the four major national broadcast networks (i.e., ABC, CBS, Fox and NBC), broadcast stations affiliated with these networks in the top 25 television markets..., and nonbroadcast networks serving 50% or more of the total number of multichannel video programming distributor... households... will not be allowed to count ENR[-]captioned programming toward compliance with captioning requirements.

The CRTC has the legislative authority to impose an analogous requirement concerning the use of scrollup captioning for fictional narrative programming. It’s easy to state: You can use it but you can’t count it.


Again, I am not naïve and I am aware of the apoplexy with which this proposition will be greeted. It will be met with all the vehemence and horror of a chemical manufacturer’s being asked to reduce its effluent toxicity by a fraction of a percent. All I can say is: Get a grip. You’ve got an effluent problem, too.

Broadcasters are earning money hand over fist, yet they always seem to find a new way to cheap out with captioning. This has to end. Since broadcasters have no hesitation to sink money into improvements to picture (as by HDTV) and sound (as by 5.1 soundtracks), not only is it nonsensical to use the cheapest possible captioning, it is arguably illegal under the Canadian Human Rights Act, which, at §5(b), states that it is a discriminatory practice “to differentiate adversely in relation to any individual.” Do broadcasters, including YTV, really think they could prevail in a human-rights complaint alleging that lousy captioning, including the use of scrollup captioning for fictional narrative programming, really is not adverse differentiation?


If YTV is tempted to counter that they’ve received few, if any, complaints about their captioning, well:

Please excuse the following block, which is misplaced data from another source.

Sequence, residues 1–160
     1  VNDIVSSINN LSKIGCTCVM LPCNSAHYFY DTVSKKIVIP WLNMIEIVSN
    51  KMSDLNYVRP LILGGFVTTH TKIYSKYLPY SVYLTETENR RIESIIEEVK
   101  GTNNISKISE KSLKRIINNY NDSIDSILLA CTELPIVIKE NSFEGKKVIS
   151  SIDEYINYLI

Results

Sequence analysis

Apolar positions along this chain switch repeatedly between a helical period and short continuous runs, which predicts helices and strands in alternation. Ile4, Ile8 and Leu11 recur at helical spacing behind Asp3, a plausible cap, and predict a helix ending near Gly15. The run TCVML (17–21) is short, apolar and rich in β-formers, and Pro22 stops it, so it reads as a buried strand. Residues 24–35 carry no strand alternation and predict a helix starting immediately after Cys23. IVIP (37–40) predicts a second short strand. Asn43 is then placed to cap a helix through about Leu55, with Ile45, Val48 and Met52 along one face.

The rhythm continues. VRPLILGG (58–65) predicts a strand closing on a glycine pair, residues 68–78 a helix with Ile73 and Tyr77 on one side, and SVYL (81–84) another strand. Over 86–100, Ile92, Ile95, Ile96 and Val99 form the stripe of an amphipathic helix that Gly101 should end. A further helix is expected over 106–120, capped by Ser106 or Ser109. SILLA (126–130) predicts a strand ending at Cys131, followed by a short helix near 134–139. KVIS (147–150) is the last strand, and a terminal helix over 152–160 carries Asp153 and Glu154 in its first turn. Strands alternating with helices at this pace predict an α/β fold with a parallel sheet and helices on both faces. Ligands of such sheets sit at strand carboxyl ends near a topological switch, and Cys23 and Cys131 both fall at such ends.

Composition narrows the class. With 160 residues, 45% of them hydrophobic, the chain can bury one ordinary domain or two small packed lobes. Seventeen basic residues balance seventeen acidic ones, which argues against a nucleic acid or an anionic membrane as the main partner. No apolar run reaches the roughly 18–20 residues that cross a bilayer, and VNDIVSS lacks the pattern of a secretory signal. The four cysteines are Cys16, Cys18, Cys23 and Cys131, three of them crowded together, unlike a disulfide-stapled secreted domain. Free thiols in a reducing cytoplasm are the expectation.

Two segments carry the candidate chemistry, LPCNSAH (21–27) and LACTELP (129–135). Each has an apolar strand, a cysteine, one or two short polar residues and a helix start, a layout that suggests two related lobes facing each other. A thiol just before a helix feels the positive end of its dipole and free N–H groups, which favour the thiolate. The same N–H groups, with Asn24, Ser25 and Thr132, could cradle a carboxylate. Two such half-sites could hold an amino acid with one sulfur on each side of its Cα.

What is the Commission good for, I ask? These captioning deficiencies are readily viewable at any time on an Ottawa cable system.

And here’s another question for the Commission. If you aren’t willing to prohibit the use of scrollup captioning for fictional narrative programming, are you willing to declare on the record that such captioning is equivalent to, and just as good as, pop-on captioning? How would you justify such a statement given that you already rejected the idea of absolute equivalence and interchangeability of captioning methods – ten years ago, in fact?

Are you willing to go further and require the use of scrollup captioning across the board?

The Commission, staffed as it is by hearing people, has repeatedly published a claim that organizations representing deaf and hard-of-hearing people are the only ones with a valid opinion on captioning. (It’s odd how often the Commission accepts the opinions of broadcasters, all of whom are also hearing people. But consistency is not the Commission’s strong suit.) Does the Commission really believe that deaf and hard-of-hearing groups would in any way endorse the use of scrollup captioning for fictional narrative programming?

Food Network

I admit I don’t understand the worldview of Alliance Atlantis’s “head of the Condition of Broadcast License Closed-Captioning Department,” Heather Jewell (as described in her Wikipedia entry). I was granted an audience with her in 2002. I pretty much got yelled at for most of 45 minutes, but I do recall her mentioning that a series on notable gardens was too beautiful to use scrollup captioning.

Years later, Jewell would ask my advice on colour captioning. She would also be quite dismissive about her department’s misuse of mixed-case captioning (yes, such a thing is possible). I am not really sure that Jewell is in a position to deny my expertise on captioning, even in the details, under the guise of reasonable disagreement or some other wishy-washy nonsense. I’ve been doing this for 25 years, after all, and she came to me for advice.

My objection in the current license renewal deals with Alliance’s near-complete misunderstanding of the norms of scrollup captioning. Last year, when they were still mired in the early 1980s and using all caps (a lesson YTV could also unlearn), at least Alliance did some things right. Here’s what they’re doing wrong now:

  1. Next to no speaker identification, even of offscreen speakers like narrators. Speaker IDs are rendered in mixed case, making them near-indistinguishable from surrounding text. (Speaker identification in scrollup captioning is indeed difficult. It’s one reason not to use scrollup.)